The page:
Information recall is a big deal in the education world. I teach World History, and my classes are closing up their unit on the Renaissance and the Reformation this week, so they’re due for a test in the very near future. They’ll see the typical questions about Humanism and plenary indulgences, how the Black Plague helped contribute to the start of the Italian Renaissance, and how the invention of the movable type printing press helped Martin Luther’s ideas spread like wildfire throughout the German countryside. But they’ll also see a question about social stratification in Ancient Mesopotamia, one about the Twelve Tables of Roman Law, and one about Plato’s Allegory of the Cave. Not because I’m trying to catch them off-guard—well, not only because of that—but because getting their brains to go back to that information regularly will help keep it fresh in their minds. Theoretically, that will help them access that information when it comes time for the North Carolina Final Exams at the end of the semester.
This Saturday, the Washington State Cougars will need to tap their previous knowledge as they face a Utah Utes offense that blends elements that #SpeedD has seen at various points throughout the season. This week will be a tough benchmark test before the final exam in Seattle two weeks from now.
The core of the Utah offense is the basic inside zone with the quarterback often reading the backside defensive end. We’ve seen this in various forms throughout the season from Arizona, Oregon, and others. It has become the base running play for the majority of teams in college football. In this particular play, the backside read from the quarterback, Tyler Huntley, is a give read as the H-back slides across the formation to slow the defensive end on his way to an arc block.
Since they run inside zone, they of course run outside zone as well. It’s simple stuff, but almost everything they do comes off this action or the outside zone. Notice the slot receiver to the left side of the formation. He’s running a bubble behind a vertical from the outside receiver. That hints at an RPO scheme built into the play.
We have the base of the offense, let’s get into the fun stuff.
The next immediate threat from the zone look is the quarterback running the ball. The Utes have Tyler Huntley running point in their offense, and while he’s not on the same level as Khalil Tate—First of His Name and Lord of the Twelve Kingdoms—he is a pretty good athlete in his own right. Utah will send him on designed runs in addition to their zone read game.
Utah Offensive Formation: H-Trips Left.
Standard zone-style run look. By putting trips to one side and having the back opposite, it tips heavily towards something going to the defense’s right, and UCLA slid their linebackers in that direction to adjust. Their Will linebacker is even with Huntley at the snap, in a 00 alignment.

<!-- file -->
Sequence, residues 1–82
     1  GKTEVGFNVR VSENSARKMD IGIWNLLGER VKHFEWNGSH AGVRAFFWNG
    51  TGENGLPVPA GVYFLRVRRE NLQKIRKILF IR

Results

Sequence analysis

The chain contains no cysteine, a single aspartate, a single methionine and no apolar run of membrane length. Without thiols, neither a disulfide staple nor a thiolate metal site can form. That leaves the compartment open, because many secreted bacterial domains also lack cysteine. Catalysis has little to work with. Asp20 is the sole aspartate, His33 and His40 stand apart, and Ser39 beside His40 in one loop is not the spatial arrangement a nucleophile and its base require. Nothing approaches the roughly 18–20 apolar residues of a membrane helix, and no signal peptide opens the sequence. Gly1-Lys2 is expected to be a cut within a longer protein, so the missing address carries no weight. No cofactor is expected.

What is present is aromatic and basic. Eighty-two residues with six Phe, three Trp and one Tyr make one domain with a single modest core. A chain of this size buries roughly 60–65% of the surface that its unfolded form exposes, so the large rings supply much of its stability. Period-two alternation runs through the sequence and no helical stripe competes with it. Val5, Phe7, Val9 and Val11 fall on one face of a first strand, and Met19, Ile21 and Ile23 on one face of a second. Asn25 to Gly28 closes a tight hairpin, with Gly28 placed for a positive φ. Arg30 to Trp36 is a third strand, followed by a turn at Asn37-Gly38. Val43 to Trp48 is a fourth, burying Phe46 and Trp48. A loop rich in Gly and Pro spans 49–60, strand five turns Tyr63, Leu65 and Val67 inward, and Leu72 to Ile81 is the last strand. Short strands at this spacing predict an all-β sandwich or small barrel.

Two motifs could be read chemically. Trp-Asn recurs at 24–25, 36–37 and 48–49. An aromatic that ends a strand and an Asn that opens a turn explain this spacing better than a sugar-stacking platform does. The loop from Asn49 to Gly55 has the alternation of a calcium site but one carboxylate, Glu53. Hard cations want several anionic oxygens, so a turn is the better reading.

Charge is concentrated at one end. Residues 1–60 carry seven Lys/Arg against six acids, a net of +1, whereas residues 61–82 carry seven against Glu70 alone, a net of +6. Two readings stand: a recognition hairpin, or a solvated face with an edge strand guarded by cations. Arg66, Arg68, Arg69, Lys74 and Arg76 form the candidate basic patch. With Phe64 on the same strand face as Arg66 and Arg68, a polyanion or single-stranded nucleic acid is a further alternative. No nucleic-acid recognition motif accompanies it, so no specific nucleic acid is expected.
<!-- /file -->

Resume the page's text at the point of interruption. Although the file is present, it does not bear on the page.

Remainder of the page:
UCLA is doing its best to take away that zone run to the bottom of the screen. So of course Utah runs away from strength.
The Play: 16 Counter-Trey. Utah pulls both the left guard and the left tackle around to trap and lead for Huntley, after he had faked the handoff to the running back, Zack Moss, to get the UCLA linebackers scraping further away from the running lane. UCLA is actually running a scrape exchange* here, which explains the alignment of the linebackers. They’re trying to force a keep read on a potential zone read, hoping that the linebacker will come unblocked and meet Huntley in the hole. Unfortunately for UCLA, a scrape exchange doesn’t work super well against a pulling lineman.
*We talked about scrape exchanges a few weeks back when we broke down Arizona’s run game. Head there if you need a refresher.
The next step up the progression of the Utah offense is the RPO. The Utes run RPOs a bit more often than does Colorado or Arizona, so it’s something that the Cougar defense will have to be aware of on virtually every snap. Huntley is still a pretty young quarterback, so confusing his reads could pay dividends for the defense. On the flipside, Utah looks to keep its reads pretty simple and clean to give Huntley the best chance to succeed.
Utah Offensive Formation: Trio Left.
UCLA’s box defenders line up in a nearly identical alignment as the previous play we saw, which means they must have come to the conclusion during the week that they wanted to take away Moss as much as possible and make Huntley beat them in the run game. UCLA also rolls its secondary coverage to the three-receiver side, which puts the Utah receiver, Bryan Thompson, in a one-on-one situation with the press corner.
The Play: Inside Zone + Backside Slant